America’s Film & TV Industry is a Network of Small Businesses

May 6, 2016

Bringing movies and TV shows from an idea or story to screens big and small isn’t a process that happens overnight. Productions often spend months shooting on location around the country, requiring the services and supplies of hundreds of local vendors and businesses – from construction, transportation, and lumber providers to costume, florist, and paint shops.

This often overlooked fact about the film and television industry is particularly important to highlight this week, which President Obama proclaimed as “National Small Business Week.”

“As outlets for creativity and ingenuity, small businesses do more than create jobs and foster growth — they represent the spirit that has always driven our Nation forward,” said President Obama.

True to this sentiment, the relationship between film productions and small businesses is symbiotic. The productions gain the skill and expertise of local businesses, and the vendors benefit from a boost in sales and spending. In fact, the U.S. motion picture and television industry is comprised of nearly 89,000 businesses located throughout all fifty states, with 84 percent of them employing fewer than 10 people. In other words, the American film and television industry is a massive network of small businesses.

While there are countless examples of major productions that have hired a wide array of local vendors, here’s a few places where small businesses are taking center stage in the creation and distribution of the movies and TV shows that audiences enjoy around the world:

  • Georgia: There are nearly 3,000 motion picture and television industry businesses in Georgia, including 1,957 production-related companies. The production of “Selma” spent $470,000 on in-state wardrobe purchases, dry cleaning and laundry. The film also purchased $180,000 worth of lumber, hardware, and other supplies.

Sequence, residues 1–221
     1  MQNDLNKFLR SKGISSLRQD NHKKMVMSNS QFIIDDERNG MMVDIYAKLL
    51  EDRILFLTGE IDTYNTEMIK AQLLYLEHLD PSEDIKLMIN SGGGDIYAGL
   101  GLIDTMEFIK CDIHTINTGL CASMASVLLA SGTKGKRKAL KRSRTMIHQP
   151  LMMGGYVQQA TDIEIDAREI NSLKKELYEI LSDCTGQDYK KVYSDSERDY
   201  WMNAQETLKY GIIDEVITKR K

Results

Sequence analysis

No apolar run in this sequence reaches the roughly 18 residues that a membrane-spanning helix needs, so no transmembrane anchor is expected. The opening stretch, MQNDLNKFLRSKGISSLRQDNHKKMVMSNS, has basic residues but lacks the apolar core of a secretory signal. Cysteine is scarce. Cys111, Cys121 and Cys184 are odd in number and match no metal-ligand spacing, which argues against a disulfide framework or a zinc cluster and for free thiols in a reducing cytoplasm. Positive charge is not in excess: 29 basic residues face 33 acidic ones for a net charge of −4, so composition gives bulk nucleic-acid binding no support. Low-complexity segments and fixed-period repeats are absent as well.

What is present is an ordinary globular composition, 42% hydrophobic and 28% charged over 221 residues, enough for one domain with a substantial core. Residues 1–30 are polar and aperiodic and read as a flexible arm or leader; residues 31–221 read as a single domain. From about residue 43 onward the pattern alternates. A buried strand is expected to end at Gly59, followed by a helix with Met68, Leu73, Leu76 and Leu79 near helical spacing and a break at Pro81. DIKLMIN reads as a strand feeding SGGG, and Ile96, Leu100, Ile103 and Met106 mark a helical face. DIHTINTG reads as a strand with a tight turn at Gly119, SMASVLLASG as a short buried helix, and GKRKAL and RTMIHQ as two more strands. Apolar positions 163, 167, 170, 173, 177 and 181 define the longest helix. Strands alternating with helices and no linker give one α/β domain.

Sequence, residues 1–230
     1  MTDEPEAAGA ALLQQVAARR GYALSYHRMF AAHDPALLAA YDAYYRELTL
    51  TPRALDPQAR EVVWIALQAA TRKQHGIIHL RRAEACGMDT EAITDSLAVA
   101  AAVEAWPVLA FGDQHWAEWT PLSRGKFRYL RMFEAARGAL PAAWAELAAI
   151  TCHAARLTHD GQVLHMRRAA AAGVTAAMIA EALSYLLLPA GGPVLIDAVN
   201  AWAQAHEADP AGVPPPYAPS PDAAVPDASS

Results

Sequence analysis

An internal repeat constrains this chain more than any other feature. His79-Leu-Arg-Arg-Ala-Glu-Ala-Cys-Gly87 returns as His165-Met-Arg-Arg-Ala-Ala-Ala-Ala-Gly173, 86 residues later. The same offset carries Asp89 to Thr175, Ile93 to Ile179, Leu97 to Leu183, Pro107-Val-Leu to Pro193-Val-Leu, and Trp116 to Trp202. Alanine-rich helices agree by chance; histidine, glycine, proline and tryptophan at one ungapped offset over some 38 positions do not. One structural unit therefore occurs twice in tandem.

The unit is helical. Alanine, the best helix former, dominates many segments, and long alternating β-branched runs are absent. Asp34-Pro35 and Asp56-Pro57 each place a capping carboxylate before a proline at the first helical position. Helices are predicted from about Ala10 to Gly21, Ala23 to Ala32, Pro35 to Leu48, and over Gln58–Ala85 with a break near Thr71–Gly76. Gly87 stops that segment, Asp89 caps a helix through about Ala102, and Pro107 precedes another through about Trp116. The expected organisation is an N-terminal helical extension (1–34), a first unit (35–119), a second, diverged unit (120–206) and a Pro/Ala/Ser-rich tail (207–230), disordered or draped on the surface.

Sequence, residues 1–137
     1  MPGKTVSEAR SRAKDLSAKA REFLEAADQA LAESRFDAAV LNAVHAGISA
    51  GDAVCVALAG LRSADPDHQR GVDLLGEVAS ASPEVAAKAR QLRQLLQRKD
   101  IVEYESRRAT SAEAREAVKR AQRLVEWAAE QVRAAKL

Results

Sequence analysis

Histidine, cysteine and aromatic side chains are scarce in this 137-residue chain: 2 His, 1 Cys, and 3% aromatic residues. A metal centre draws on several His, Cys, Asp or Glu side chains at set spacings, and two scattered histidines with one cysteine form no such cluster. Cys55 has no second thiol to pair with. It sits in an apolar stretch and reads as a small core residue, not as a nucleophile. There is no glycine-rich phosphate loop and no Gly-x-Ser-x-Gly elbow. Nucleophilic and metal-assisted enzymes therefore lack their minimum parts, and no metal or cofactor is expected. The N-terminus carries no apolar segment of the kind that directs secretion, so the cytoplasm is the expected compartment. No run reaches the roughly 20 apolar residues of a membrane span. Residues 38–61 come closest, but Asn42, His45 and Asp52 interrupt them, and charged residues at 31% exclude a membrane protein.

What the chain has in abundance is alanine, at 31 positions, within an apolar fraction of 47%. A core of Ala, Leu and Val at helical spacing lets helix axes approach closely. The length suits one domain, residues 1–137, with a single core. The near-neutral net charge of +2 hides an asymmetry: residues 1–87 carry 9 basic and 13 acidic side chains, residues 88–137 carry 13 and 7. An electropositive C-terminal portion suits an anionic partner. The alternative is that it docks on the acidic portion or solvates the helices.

• Ohio: The film and television industry in Ohio, fueled by productions like “Carol” and “Captain America: The Winter Soldier,” is home to more than 1,300 production-related companies.
  • Massachusetts: The Bay State’s film industry is comprised of more than 1,880 motion picture and TV industry businesses. Warner Bros.’ “Black Mass” was responsible for huge contributions to local vendors, including over $820,000 on car rentals, nearly $560,000 on wardrobe purchases, and over $452,000 on catering, bakery goods, and other food items.
  • Louisiana: The productions of “Pitch Perfect” and “Pitch Perfect 2” combined to spend more than $40 million in Louisiana, including the purchase of over 7,000 hotel nights. Overall, the state’s film industry supports more than 1,100 motion picture and TV industry businesses.

Featured Image: A picture from the set of “Barbershop: The Next Cut” courtesy of Metro-Goldwyn-Mayer Pictures Inc. and Warner Bros. Entertainment. The film was shot in Georgia.